Problem

Contradictions in capitalist systems


Experimental visualization of narrower problems
Nature:

Advanced capitalism is characterized by contradictions, namely the emergence of conditions -- through the very success of capitalism -- which are fundamentally antagonistic to capitalism itself, intensify with time, and cannot be resolved within the capitalist framework. In short, the development of capitalism produces changes that call into question the social desirability of the drive for profits. Raw capitalism becomes incompatible with the further development of human potential and capacities. Such contradictions include:

  • Capitalism promises to meet basic needs but is increasingly unable to meet that promise, especially in developing countries. By its very nature is creates unequal development and is unable to institute economic reforms that would co-opt burgeoning anti-imperialist struggles for liberation.
  • With continued economic growth, especially in the industrialized world, consumption fades in comparison to other dimensions of well-being, such as the availability of creative and socially useful work and meaningful individual development. But because capitalism must continually expand, the realization of these needs is incompatible with capitalist relations of commodities, production and consumption.
  • Capitalist economic growth becomes increasingly predicated on irrationality and production of waste (eg military expenditure and planned obsolescence of consumer goods), thus exhausting natural resources, threatening the ecological balance and undermining the asset base of industrial productivity.
  • The expansion of capitalist production draws an ever-increasing share of the population within a country into alienating wage and salary work, sensitizing them to the oppressive conditions under which they are being called upon to function.
  • The internationalization of capitalism creates a corresponding world-wide proletariat which becomes progressively sensitized to the way in which the capitalist mode reinforces exploitative relations between countries.
  • Through its increasing need for a more educated labour force, workers become increasingly capable of grasping the essential irrationality of the system, the inequitable distribution of power within it and the associated social division of labour.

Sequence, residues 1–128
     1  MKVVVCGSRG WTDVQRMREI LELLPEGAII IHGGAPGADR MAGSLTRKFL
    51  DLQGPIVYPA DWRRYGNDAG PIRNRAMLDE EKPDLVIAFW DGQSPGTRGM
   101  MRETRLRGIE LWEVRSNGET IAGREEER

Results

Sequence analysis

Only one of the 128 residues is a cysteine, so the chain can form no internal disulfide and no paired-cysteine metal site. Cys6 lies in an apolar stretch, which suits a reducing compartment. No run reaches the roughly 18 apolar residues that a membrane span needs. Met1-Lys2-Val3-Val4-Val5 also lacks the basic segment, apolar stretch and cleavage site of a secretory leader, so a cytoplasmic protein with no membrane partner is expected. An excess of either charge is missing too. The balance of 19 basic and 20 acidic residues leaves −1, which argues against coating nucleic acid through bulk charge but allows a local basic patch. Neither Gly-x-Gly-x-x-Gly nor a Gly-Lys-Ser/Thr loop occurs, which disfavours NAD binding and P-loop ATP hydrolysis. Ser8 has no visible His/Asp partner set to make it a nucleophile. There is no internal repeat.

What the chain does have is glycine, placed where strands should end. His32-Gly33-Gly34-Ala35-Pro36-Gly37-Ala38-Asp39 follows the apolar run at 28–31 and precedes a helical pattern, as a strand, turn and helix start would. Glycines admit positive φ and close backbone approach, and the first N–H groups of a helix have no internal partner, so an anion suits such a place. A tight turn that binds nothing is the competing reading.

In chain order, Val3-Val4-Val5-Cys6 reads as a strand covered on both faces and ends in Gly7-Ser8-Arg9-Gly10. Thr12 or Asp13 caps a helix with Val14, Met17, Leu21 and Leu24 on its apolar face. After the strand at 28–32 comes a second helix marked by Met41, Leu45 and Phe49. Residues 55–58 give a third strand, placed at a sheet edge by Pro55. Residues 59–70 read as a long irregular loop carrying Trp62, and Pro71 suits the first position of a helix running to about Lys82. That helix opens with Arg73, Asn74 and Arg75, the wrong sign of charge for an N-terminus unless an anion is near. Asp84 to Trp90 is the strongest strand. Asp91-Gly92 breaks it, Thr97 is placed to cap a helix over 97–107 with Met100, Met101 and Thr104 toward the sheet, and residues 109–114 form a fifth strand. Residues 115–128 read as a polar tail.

• The rise of capitalism has mirrored a "hollowing out of meaning": Marx and Engels wrote in The Communist Manifesto that capitalism ‘has drowned the most heavenly ecstasies of religious fervour, of chivalrous enthusiasm, of philistine sentimentalism, in the icy water of egotistical calculation.’
Background:

The idea of the ‘dialectic’ emerged out of 18th-century thought (notably Hegel) as a back-and-forth between opposing aims until the poles are transfigured by the conflict into a new whole, which in turn yields a new struggle of opposites necessitating another struggle ending in another transformation, and so on. For Karl Marx and Friedrich Engels, the dialectic process had a necessary and desirable end -- socialism -- which would be achieved when the forces of capitalism had exhausted their potential by fusing the economic, cultural, political and social spheres. (‘The bourgeoisie’ (ie capitalists), Marx and Engels wrote in The Communist Manifesto (1848), ‘creates a world after its own image’.)   Specifically, capitalism would fuse the fragmentary elements of economy and society by means of big enterprise, mass data and centralization to such an extent that the ‘shell’ that had earlier contained private property relations ‘must inevitably decay’ or be removed by ‘artificial means’, ie, revolution.

The Marxian interpretation of reality that views matter as the sole subject of change and all change as the product of a constant conflict between opposites arising from the internal contradictions inherent in all events, ideas, and movements.

political and historical events result from the conflict of social forces and are interpretable as a series of contradictions and their solutions. The conflict is believed to be caused by material needs.

‘The bourgeoisie’ (ie capitalists), Marx and Engels wrote in The Communist Manifesto (1848), ‘creates a world after its own image’.

Following this massive feat of homogenization, Marxist theory asserted, it would no longer be possible to compensate for capitalism’s internal contradictions by adjustments within the system, and these would therefore burst out into the open, an eventuality that would ultimately give rise to socialism.

For Marx, Engels and Lenin, capitalist homogenisation was an undeniably ruthless process, but also necessary as a prerequisite to the socialist dream of achieving true equality, beyond class antagonism.

Before yielding to the longed-for ‘higher social-economic order’, however, capitalism would fuse the fragmentary elements of economy and society by means of big enterprise, mass data and centralisation to such an extent that the ‘shell’ that had earlier contained private property relations ‘must inevitably decay’ or be removed by ‘artificial means’, ie, revolution. Following on the heels of this great capitalist homogenisation, then, would come the ‘dictatorship of the proletariat’, when the last would be first and the first would be last until there was no more ‘first’ and ‘last’, and true equality was achieved.

Strategies:
Contradicting
Values:
Contradiction
Problem Type:
F: Fuzzy exceptional problems
Date of last update
29.12.2019 – 02:59 CET